Author Topic: Do I pull the trigger?  (Read 4685 times)

cbr shadow

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Do I pull the trigger?
« on: November 14, 2012, 03:14:02 PM »
I asked a question fairly simliar in the past, but the situation has changed a bit and I have more specific numbers..

It's looking like a good idea to sell my wife's 2011 Kia Sorento.  We bought it 18 months ago brand new for $21,900 (sticker price was $25,550!).  It now has 39,000 miles on it.  She gets 24mpg average in this car.   I put it up for sale for $18,000 and today I got an offer for $16,500.  When you look at the numbers like this it's very apparent that I took a big hit on this car.. something that I'd like not to continue.  Never going to buy a new car again.  I think I can get the guy to give me $17,000.  If so, that's a $4,900 loss.

We are going to buy my wife a 2010 Honda Insight Hybrid. $14,900 plus tax.  40k miles.  The new MSRP on it was $24,500.  So someone ELSE took the almost $10,000 loss on that.  My wife took it for an extended test drive and got 48mpg average.

Is my logic here flawed?  It seems like a win/win situation as long as my wife is just as happy in the Insight, which she is.  Do I pull the trigger and sell the Kia for $17,000 then buy the Insight?

We're now set on the Insight, so please stick to advice on this particular situation, not on prius or honda fit, etc.  I think a used honda insight is the sweet spot.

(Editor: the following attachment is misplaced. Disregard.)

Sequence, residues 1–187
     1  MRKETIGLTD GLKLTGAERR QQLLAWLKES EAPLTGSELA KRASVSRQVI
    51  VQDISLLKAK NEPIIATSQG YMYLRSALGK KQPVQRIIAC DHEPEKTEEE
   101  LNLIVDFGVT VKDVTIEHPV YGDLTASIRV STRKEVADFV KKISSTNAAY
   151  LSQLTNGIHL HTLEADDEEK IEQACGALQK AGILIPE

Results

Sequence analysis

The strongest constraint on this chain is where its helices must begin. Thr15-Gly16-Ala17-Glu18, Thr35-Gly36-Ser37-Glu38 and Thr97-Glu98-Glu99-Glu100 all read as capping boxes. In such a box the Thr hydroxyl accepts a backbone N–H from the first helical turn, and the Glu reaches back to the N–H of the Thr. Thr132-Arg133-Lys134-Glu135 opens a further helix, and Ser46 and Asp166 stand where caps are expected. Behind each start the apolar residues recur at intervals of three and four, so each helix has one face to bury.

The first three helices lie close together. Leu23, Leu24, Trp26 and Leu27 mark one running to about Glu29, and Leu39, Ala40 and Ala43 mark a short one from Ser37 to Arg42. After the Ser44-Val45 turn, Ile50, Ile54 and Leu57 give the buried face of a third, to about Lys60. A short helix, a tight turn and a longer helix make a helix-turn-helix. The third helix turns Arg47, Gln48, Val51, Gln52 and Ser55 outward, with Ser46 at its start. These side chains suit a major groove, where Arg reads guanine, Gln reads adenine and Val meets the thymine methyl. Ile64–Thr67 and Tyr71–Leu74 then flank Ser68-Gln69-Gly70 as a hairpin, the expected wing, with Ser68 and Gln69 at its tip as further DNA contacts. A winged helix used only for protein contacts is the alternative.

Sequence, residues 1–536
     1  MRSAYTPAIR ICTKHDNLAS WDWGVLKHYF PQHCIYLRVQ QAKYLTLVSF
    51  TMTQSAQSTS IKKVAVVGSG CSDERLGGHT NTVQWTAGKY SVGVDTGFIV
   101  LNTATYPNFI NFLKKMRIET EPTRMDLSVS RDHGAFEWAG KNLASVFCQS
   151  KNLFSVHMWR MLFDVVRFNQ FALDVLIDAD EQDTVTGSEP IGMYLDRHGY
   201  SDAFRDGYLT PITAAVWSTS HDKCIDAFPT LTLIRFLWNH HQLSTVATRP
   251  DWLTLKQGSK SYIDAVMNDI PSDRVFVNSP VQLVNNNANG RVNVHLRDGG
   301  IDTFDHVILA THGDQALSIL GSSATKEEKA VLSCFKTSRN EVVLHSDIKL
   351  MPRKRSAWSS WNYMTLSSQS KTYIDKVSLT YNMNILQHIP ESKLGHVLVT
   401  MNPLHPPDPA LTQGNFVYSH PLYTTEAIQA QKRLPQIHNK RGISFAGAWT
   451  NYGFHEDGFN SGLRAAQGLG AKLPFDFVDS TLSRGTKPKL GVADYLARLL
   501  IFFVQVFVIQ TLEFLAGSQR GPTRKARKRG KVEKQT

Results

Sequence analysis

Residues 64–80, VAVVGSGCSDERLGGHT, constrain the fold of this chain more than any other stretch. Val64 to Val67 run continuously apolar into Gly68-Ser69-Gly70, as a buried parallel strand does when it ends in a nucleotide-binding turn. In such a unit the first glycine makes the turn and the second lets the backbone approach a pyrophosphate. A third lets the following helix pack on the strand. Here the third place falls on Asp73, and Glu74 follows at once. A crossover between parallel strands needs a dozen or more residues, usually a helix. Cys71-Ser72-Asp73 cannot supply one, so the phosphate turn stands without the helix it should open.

Thanks,
Ryan


DoubleDown

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Re: Do I pull the trigger?
« Reply #1 on: November 14, 2012, 03:28:48 PM »
Given JUST the two choices and information presented here, I'd say yes it's a (small) win/improvement to purchase the Insight. But it's hard to say how much improvement you're getting without knowing some other details, like how many miles your wife is driving. For example, the 16mpg improvement won't mean that much if she drives 16 miles per month (which is an exaggeration no doubt, but you get my point).

In exchange for giving of up the Kia, you'll pocket an additional $2100 which you can invest or pay off debts. You'll get better mileage. [EDIT -- I see you wrote $14,900 PLUS TAX. I don't know what tax is where you live, but you could see your $2100 disappear real fast in tax and license/registration fees! So now I'm questioning any perceived "savings"]